*Saudi Arabia's finance minister says state to keep spending. *UAE companies buy back cheap shares. DUBAI, Dec 18- Stock markets in Saudi Arabia and the United Arab Emirates soared on Thursday after the price of oil rebounded and the Riyadh government eased investors' fears by saying it would continue spending heavily on economic development.» Read More
The U.S. government's plan to inject $20 billion into Citigroup seemed to drive a stock market rally Monday — but failed to reassure analysts overall. CNBC canvassed the experts for their outlooks: Despite the uncertainty, one strategist says financials will lead the recovery — and another sees hyperinflation as the real danger ahead.
As recession fears continue to spread globally, investment banks like Goldman Sachs scramble to survive — and investment gurus alter their tactics and strategies to roll with the damage. CNBC's expert advisors gave their outlooks on what's coming and what to do about it.
Monday morning started off with a bang for Apple investors, courtesy of FBR's chip analyst Craig Berger making a strange call on Apple and what seemed like a dramatic slowdown in iPhone sales.
A buyback made sense back in March. With Apple's cash generation since, and the non-GAAP megabucks iPhone's generating now, a buyback makes exponentially more sense today.
Tired of being spooked by the economy? Well, you’re not alone and that could be good news for retailers.
Vodafone announced a surprise 1 billion-pound ($2 billion) share buyback program on Wednesday, saying a big share price fall in the wake of Tuesday's trading update left the stock undervalued.
CME Group, parent company of the world's largest derivatives exchange, said its board has authorized a $1.1 billion share buyback and a special dividend of $5 per share.
Companies in the Standard & Poor's 500 index bought a record $589 billion of their own stock in 2007 as they looked for ways to spend their cash hoards, S&P said Monday.
Investors lined up 2 hours before the Apple shareholder meeting began here in Cupertino, California. It's a little unusual for them to be here so early, and I thought it might be related to the company's 40 percent plunge since the beginning of the year.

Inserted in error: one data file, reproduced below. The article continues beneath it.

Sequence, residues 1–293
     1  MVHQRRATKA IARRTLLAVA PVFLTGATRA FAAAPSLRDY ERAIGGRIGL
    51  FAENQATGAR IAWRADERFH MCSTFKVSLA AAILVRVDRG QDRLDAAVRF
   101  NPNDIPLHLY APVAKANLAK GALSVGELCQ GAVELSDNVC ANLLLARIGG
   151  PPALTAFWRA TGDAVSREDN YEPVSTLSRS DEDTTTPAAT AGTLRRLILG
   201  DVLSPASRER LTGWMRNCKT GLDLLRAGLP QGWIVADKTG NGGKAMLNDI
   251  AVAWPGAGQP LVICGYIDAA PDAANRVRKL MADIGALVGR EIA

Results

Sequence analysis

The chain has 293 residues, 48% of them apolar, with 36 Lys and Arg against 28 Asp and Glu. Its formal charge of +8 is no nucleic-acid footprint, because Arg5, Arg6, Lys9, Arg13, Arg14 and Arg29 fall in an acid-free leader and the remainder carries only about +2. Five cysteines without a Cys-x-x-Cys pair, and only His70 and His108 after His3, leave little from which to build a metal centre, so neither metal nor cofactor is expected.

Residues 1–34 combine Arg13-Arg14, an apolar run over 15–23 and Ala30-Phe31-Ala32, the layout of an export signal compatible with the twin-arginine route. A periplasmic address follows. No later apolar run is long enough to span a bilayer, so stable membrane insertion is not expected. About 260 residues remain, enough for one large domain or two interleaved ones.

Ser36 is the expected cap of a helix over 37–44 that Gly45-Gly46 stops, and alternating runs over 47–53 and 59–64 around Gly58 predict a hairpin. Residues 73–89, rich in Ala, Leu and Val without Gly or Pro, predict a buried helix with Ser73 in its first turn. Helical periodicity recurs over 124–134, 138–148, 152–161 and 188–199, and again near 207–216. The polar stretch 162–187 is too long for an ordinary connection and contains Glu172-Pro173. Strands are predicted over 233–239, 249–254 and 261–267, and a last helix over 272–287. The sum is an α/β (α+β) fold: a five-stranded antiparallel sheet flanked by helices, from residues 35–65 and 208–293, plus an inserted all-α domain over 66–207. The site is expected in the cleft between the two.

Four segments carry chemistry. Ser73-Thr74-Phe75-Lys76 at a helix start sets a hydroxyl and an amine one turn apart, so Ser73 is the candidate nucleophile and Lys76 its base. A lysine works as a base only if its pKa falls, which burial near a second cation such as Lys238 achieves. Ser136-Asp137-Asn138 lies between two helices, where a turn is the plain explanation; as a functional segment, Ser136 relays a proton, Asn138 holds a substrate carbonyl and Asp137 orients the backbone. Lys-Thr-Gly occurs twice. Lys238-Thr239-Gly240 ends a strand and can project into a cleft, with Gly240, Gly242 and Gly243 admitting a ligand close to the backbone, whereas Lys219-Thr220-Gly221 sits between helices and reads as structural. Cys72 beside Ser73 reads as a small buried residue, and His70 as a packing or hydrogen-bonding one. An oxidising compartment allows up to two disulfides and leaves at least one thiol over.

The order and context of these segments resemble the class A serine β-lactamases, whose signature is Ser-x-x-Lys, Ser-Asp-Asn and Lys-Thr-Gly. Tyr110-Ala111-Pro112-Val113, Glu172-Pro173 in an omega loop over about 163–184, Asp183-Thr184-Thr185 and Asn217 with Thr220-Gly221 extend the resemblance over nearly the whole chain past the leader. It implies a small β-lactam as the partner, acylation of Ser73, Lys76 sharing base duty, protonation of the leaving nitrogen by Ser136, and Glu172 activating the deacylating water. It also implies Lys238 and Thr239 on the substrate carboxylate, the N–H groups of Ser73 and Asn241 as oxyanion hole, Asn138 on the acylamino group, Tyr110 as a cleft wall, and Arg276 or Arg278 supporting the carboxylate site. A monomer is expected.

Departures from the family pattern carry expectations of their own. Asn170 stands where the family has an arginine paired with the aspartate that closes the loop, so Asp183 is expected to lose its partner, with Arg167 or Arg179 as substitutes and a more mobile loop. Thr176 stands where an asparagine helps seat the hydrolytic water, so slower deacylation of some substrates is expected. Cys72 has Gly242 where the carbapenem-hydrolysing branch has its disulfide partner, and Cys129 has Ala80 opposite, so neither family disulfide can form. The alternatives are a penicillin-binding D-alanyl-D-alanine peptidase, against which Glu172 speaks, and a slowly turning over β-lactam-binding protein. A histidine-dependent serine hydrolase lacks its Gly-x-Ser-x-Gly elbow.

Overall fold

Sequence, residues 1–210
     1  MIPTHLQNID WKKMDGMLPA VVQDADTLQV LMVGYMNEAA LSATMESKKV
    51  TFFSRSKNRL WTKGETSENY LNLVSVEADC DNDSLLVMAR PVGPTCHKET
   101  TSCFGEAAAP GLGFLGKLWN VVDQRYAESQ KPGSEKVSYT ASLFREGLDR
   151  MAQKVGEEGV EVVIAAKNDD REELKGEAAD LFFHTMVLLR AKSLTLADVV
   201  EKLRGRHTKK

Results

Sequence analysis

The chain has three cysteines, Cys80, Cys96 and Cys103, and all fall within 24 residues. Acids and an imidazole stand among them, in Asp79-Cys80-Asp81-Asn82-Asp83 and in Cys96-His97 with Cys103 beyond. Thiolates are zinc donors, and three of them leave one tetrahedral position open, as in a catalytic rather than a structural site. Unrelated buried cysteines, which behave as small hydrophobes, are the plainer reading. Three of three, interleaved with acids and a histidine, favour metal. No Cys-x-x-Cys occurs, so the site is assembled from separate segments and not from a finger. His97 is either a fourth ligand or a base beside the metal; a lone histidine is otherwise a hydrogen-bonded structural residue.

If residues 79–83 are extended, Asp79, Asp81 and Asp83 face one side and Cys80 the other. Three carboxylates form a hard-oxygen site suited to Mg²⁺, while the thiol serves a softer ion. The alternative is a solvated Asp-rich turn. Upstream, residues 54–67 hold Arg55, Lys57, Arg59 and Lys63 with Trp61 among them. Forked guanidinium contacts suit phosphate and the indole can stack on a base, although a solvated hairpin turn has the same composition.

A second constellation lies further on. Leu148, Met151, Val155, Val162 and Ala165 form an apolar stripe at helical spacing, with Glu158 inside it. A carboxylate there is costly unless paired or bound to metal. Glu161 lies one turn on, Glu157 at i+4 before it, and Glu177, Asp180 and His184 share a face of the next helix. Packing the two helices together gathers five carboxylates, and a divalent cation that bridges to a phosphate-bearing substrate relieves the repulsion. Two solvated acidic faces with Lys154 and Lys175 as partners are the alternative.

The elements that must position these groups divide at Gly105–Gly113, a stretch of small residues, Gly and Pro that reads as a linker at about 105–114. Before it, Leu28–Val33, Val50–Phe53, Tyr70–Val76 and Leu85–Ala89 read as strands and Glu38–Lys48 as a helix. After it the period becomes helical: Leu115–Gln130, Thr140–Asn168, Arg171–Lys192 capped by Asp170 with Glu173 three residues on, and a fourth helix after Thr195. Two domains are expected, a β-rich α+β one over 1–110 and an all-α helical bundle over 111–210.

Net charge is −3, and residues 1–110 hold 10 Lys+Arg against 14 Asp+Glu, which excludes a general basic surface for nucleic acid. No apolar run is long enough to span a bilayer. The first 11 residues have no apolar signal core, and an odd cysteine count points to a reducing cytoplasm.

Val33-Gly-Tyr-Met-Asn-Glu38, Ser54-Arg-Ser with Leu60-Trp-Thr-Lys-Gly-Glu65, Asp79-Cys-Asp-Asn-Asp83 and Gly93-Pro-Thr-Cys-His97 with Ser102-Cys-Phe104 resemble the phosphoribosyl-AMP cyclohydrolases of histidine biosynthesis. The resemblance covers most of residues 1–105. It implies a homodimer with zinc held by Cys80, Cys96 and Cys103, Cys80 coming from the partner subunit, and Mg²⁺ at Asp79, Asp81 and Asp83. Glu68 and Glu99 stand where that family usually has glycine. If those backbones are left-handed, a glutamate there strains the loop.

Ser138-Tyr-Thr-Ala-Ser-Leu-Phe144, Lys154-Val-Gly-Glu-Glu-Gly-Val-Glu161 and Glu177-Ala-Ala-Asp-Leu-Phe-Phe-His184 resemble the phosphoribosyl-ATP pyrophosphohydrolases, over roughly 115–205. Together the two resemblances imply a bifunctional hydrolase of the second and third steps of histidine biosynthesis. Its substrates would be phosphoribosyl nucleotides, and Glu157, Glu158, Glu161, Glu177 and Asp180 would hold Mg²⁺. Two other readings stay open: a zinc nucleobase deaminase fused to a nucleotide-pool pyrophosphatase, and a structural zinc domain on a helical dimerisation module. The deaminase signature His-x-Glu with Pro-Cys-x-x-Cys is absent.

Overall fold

Apple shares are down close to 40% from its high last year. As Jim Goldman discussed on The Call today, is now the time for a buyback?
When it comes to Apple and the company's sagging stock price--and increasingly frustrated shareholders--it seems to me a solution is getting clearer by the day. Stock buyback.
As you might expect, my earlier post calling on Steve Jobs to announce a shareholder buyback at tomorrow's Apple spacer annual shareholder meeting, generated quite a bit of reader reaction. As we prepare to cover the meeting, I'm curious how many of you plan to attend...
Stocks reversed what had been a down session Friday, with the Dow Jones Industrial Average rising on a CNBC report that progress is being made on a recapitalization plan that could save troubled bond insurer Ambac Financial's triple-A rating.
U.S. stocks tumbled Friday as downgrades on the two biggest home-funding companies dragged on the financial sector.
Online retailer Amazon.com Friday said its board authorized the repurchase of up to $1 billion of the company's common stock over the next two years.
Swiss drug maker Novartis said Thursday its fourth-quarter profit fell sharply, mainly due to restructuring costs, but that it would increase returns to shareholders with a new buyback program and an increase to its dividend.
Private equity firm Blackstone Group said Thursday it would acquire GSO Capital Partners, a hedge fund firm that sold a stake to Merrill Lynch last May, and also announced a $500 million stock buyback plan.
European stocks ended lower on Wednesday, as news of strong demand for the Federal Reserve's $20 billion auction designed to ease tensions in credit markets failed to boost banking shares.
Dutch Philips Electronics said on Wednesday it plans to buy back 5 billion euros ($7.2 billion) of its own shares after hedge fund pressure for the firm to improve its performance and capital structure.
It's later than you think: Today is the last day to buy online at big box.com stores like Sears, Target, Wal-Mart and Amazon in time for regular Christmas delivery. E-commerce is drawing more customers than ever before.